I was recently studying about s-block alkali metals and I found the following reaction:

$$\ce{\underset{alkali\\ metal}{M\phantom{_y}} + \underset{solution}{$(x +y)$ NH3} -> \underset{ammoniated\\ metal cation}{[M(NH3)_x]+} + \underset{ammoniated\\ electron (blue)}{[e(NH3)_y]-}}.$$

It is also known that nitrogen has electronegativity of 3.0 on Pauling's scale. So, the hydrogen attached to it is an active hydrogen. Also, it shows H-bonding, so the hydrogen is an active-H.

Alkali metals react with active-H compounds to release hydrogen gas. But the reaction that takes place here is in contradiction to the aforementioned fact.

Do we have an explanation for this? Or is it a mistake on my part?


What you have written is right, but it is just the first step.

The release and solvation of an electron is fast. Reaction of an electron with ammonia to release hydrogen $$\ce{2 e-(solv) + 2 NH3 -> H2 + 2 NH2-(solv)}$$ is slow. Deep blue (diluted) or bronze (concentrated) "sodium electride" solution in liquid ammonia slowly converts itself to the colorless ammonia solution of $\ce{NaNH2}$.

For the water case, all is extremely fast, as water is a much stronger acid than liquid ammonia. Blue-like color can be catched by 10000 fps camera, what is commented in SE Chem Q - Reaction of potassium with water

BBC article, referring the Nature article by Pavel Jungwirth and colleagues (ref.1),

ABSTRACT: Alkali metals can react explosively with water and it is textbook knowledge that this vigorous behaviour results from heat release, steam formation and ignition of the hydrogen gas that is produced. Here we suggest that the initial process enabling the alkali metal explosion in water is, however, of a completely different nature. High-speed camera imaging of liquid drops of a sodium/potassium alloy in water reveals submillisecond formation of metal spikes that protrude from the surface of the drop. Molecular dynamics simulations demonstrate that on immersion in water there is an almost immediate release of electrons from the metal surface. The system thus quickly reaches the Rayleigh instability limit, which leads to a ‘coulomb explosion’ of the alkali metal drop. Consequently, a new metal surface in contact with water is formed, which explains why the reaction does not become self-quenched by its products, but can rather lead to explosive behaviour.

with high speed (cca 10000 fps) camera photos shows the blue colour near 0.3 ms after the metal/water contact (ref. 2). It may be rather more toward violet, it seems to me. The abstract of ref. 2 explains the blue color:

Alkali metals in water are always at the brink of explosion. Herein, we show that this vigorous reaction can be kept in a non‐exploding regime, revealing a fascinating richness of hitherto unexplored chemical processes. A combination of high‐speed camera imaging and visible/near‐infrared/infrared spectroscopy allowed us to catch and characterize the system at each stage of the reaction. After gently placing a drop of a sodium/potassium alloy on water under an inert atmosphere, the production of solvated electrons became so strong that their characteristic blue color could be observed with the naked eye. The exoergic reaction leading to the formation of hydrogen and hydroxide eventually heated the alkali metal drop such that it became glowing red, and part of the metal evaporated. As a result of the reaction, a perfectly transparent drop consisting of molten hydroxide was temporarily stabilized on water through the Leidenfrost effect, bursting spectacularly after it had cooled sufficiently.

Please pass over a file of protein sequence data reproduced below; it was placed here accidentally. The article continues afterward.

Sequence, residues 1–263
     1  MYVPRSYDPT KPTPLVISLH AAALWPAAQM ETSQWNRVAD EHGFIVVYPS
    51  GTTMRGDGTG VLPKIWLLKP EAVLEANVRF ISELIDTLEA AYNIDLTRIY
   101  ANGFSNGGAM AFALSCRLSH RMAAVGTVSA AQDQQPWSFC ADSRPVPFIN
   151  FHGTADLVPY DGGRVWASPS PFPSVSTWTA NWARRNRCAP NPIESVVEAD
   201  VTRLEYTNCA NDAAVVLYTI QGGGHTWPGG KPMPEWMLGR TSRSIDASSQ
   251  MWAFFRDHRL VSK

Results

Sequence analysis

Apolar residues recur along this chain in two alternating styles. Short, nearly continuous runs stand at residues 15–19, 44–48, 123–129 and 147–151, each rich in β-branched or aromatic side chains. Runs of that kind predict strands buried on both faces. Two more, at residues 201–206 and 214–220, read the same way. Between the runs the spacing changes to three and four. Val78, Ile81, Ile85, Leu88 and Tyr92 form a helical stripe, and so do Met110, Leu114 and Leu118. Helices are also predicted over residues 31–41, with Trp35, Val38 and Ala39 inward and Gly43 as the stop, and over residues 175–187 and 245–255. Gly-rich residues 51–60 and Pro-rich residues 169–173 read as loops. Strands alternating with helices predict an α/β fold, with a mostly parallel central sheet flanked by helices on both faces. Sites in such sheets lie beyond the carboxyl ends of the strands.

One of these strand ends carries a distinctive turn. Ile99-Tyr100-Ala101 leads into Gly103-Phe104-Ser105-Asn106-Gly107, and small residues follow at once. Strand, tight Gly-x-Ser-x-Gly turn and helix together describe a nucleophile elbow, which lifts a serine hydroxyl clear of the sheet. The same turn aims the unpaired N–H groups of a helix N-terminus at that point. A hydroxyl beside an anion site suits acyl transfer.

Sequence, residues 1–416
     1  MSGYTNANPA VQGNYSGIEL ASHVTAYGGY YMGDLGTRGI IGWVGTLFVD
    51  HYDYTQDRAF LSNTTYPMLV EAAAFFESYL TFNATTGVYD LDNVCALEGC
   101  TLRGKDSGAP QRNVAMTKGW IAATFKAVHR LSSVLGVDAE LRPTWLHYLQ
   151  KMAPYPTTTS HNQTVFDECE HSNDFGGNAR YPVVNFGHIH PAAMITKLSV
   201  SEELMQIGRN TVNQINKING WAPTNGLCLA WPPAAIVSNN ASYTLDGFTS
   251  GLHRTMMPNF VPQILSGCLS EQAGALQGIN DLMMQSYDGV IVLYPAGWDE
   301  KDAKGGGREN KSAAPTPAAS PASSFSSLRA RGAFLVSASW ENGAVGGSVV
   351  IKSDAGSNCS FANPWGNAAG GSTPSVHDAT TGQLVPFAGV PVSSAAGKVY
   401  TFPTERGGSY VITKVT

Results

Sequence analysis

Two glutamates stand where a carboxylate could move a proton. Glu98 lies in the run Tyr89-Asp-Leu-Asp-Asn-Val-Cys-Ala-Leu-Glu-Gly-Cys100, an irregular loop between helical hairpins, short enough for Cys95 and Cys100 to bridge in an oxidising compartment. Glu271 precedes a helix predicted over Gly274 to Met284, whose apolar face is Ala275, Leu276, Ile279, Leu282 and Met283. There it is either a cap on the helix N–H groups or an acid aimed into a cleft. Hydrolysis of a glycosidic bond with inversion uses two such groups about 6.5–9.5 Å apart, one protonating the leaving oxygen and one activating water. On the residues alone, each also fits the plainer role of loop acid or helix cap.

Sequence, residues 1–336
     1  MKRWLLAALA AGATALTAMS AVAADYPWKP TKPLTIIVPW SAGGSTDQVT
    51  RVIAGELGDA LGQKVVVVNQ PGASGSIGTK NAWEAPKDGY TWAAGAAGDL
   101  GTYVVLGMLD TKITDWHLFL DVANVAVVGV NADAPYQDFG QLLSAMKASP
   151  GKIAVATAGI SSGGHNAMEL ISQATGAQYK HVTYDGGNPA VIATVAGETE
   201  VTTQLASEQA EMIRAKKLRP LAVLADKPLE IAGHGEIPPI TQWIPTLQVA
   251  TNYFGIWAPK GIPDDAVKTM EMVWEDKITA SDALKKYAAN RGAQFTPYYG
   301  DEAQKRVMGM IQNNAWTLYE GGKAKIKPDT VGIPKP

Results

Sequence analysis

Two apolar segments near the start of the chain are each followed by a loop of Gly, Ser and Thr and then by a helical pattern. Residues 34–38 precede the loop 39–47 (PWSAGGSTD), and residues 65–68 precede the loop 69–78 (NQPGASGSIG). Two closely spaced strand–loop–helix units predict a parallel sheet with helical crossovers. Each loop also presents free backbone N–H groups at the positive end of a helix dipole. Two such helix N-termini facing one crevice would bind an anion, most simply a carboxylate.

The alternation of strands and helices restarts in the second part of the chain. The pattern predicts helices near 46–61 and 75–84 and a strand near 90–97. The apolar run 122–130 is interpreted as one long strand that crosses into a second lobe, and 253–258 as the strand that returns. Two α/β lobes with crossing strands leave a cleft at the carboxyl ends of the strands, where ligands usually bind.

1. Philip E. Mason, Frank Uhlig, Václav Vaněk, Tillmann Buttersack, Sigurd Bauerecker, Pavel Jungwirth, “Coulomb explosion during the early stages of the reaction of alkali metals with water,” Nature Chemistry 2015, 7, 250–254 (https://doi.org/10.1038/nchem.2161).
  2. Philip E. Mason, Tillmann Buttersack, Sigurd Bauerecker, Pavel Jungwirth, “A Non‐Exploding Alkali Metal Drop on Water: From Blue Solvated Electrons to Bursting Molten Hydroxide,” Angew. Chem., Internat. Edn. Engl. 2016, 55(42), 13019-13022 (https://doi.org/10.1002/anie.201605986).
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  • $\begingroup$ So on reaction with water, aquated electron forms that reacts extremely fast with water to reduce it to Hydrogen? $\endgroup$ – Soumyadwip Chanda Sep 9 at 14:50
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    $\begingroup$ Yes. Superfast cameras are even able to catch the blue. $\endgroup$ – Poutnik Sep 9 at 14:51
  • $\begingroup$ @poutnik now I have a followup question. $\endgroup$ – Oscar Lanzi Sep 9 at 18:15
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    $\begingroup$ @Oscar Lanzi The answer has been updated. $\endgroup$ – Poutnik Sep 9 at 18:45
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    $\begingroup$ @Poutnik: My editing included the additional reference and its abstracts to emphasize the expected blue color. If you don't like is you may delete the addition. $\endgroup$ – Mathew Mahindaratne Sep 9 at 19:55

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